The Republic of Uganda, located in East Africa, sits on the northern shore of Lake Victoria. It is bordered by Sudan to the North, Kenya to the East, Tanzania to the South, Rwanda to the South West and Democratic Republic of Congo to the West.
Idi Amin Dada’s tyrannical regime (1971-79) was responsible for the horrific deaths of at least 300,000 Ugandans. Guerrilla war and human rights abuses under Milton Obote (1980-85) are estimated to have claimed at least another 100,000 lives.
The rule of Yoweri Museveni since 1986 has brought relative stability and economic growth to Uganda. Nevertheless, it remains one of Africa’s poorest countries. In particular there has been a 21 year-long insurgency by the Lord’s Resistance Army (LRA) led by Joseph Kony, resulting in the displacment of at least 1.3m people and the recruitment of child soldiers.
The Economy Today
While Uganda will forever be associated with Idi Amin and HIV/AIDS, it has made great strides in instituting much needed political and economic reforms. These have created a more stable, growth-orientated, and liberalised, political-economic climate.
In spite of this, Uganda remains one of the poorest countries in the world with approximately one-third of the population living below the poverty line and a per capita income of approximately £250 per annum or an average of 68p per day per person
HIV/AIDS and Other Diseases
HIV prevalence in Uganda is 4.1% with approximately 940,000 people living with HIV and a further 1.2 million children having been orphaned by AIDS. As a consequence life expectancy in Uganda is merely 52 years , compared to 79 years in the UK. And it isn’t just HIV/AIDS that is a parent killer though – in 2006 there were a suspected 10.6 million cases of malaria.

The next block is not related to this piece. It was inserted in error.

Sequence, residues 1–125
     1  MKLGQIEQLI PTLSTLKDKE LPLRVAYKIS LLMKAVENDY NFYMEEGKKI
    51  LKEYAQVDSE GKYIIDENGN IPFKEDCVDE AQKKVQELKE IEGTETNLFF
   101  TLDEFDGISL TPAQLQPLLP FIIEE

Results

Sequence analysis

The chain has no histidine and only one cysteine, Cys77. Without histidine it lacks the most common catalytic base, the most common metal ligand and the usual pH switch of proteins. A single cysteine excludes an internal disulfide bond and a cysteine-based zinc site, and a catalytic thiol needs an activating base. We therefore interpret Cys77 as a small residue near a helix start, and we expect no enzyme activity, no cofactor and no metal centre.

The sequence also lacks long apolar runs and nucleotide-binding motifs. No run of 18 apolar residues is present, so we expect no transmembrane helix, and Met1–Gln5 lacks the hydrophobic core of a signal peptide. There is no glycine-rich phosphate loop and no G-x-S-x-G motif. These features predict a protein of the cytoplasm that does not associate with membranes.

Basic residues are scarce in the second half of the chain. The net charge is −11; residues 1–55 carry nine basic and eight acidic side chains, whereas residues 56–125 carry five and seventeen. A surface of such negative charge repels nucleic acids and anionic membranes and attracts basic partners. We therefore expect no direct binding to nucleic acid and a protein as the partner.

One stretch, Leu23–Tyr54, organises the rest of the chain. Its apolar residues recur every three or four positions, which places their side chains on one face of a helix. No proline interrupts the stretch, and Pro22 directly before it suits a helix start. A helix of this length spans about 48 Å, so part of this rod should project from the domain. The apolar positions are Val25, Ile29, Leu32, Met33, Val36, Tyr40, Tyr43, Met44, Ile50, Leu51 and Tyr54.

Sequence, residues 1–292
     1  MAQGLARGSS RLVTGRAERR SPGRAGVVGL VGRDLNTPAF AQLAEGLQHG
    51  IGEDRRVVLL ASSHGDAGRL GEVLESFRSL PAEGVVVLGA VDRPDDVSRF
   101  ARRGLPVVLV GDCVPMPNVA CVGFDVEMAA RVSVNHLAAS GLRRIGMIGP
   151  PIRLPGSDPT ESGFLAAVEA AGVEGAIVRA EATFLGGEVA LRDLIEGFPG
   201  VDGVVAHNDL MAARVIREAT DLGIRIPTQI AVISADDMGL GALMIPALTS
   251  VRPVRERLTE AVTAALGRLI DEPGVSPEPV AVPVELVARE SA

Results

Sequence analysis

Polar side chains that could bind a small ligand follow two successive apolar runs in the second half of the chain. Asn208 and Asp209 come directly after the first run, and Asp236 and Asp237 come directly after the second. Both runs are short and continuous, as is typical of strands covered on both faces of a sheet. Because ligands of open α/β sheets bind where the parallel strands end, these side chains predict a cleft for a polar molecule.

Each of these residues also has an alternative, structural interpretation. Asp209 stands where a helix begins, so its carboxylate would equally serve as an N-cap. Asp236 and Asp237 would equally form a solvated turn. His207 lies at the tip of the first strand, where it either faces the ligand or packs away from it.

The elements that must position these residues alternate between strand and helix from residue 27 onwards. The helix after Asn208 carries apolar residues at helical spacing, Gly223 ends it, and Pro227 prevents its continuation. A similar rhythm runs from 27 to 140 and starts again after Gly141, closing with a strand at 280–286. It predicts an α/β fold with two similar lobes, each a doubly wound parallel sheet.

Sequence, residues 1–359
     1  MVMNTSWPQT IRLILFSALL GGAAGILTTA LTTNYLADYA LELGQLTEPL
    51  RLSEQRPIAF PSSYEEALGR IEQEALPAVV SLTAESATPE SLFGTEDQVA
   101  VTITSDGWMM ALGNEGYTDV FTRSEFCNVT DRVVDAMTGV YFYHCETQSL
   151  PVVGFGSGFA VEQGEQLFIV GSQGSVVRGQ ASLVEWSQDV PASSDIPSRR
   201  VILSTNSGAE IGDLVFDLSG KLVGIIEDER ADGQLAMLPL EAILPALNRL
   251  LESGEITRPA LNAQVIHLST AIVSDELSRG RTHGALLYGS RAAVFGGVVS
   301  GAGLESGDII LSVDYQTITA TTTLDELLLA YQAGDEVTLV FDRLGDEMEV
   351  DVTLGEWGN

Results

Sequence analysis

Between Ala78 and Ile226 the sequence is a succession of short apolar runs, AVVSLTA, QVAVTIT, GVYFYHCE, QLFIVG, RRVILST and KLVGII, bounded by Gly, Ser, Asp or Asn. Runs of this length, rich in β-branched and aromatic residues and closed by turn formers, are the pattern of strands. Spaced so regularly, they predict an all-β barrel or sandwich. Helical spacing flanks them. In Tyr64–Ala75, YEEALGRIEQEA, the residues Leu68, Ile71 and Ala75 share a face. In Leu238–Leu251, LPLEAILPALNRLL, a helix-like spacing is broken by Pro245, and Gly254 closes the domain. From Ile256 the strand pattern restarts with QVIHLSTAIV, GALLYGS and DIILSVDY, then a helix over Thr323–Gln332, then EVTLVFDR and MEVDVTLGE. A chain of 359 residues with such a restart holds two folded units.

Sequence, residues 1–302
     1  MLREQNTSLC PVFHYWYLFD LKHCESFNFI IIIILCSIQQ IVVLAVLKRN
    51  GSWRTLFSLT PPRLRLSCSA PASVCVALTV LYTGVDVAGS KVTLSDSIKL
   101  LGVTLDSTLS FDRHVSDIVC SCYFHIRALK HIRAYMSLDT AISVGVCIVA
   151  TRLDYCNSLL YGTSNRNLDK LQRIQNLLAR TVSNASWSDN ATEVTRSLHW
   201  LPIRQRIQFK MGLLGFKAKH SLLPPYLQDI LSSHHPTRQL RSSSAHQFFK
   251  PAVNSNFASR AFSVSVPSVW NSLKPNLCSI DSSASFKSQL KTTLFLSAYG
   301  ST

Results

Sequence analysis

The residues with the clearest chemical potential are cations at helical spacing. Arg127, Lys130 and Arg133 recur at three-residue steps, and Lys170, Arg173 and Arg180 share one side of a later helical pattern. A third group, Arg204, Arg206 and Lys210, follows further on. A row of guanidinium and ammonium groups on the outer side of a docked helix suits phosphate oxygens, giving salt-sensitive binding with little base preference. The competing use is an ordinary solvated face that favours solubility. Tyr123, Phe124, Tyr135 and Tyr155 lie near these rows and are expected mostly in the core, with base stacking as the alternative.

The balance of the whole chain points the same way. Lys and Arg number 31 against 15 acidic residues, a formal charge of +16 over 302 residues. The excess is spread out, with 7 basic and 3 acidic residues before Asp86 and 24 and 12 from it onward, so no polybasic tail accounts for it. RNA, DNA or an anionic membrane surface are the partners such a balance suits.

Deaths among young adults leave behind millions of orphaned children, placing an additional burden on the community and the state. In 2005 UNICEF calculated there to be 2.3 million known orphans in Uganda – by way of reference, that is the same number of people as live in Manchester, UK.
Uganda has one of the highest population growth rates in the world; The country’s current population of 31,367,972 is projected to explode to 130 million by 2050, a nearly five-fold increase. Women in Uganda have an average of 6.81 children, compared with a global average of 2.6
Ministry of Gender, Labour and Social Development
Child’s i Foundation representatives met with Mr Otim, Commissioner Youth & Children Affairs to discuss establishing a transitional babies’ home in Kampala. The Ministry of Gender welcomes and will fully support Child’s i Foundation. Our vision is aligned with the government’s strategic policy for orphans and vulnerable children and they concur that there is a great need for a babies’ home for orphaned, abandoned and vulnerable children.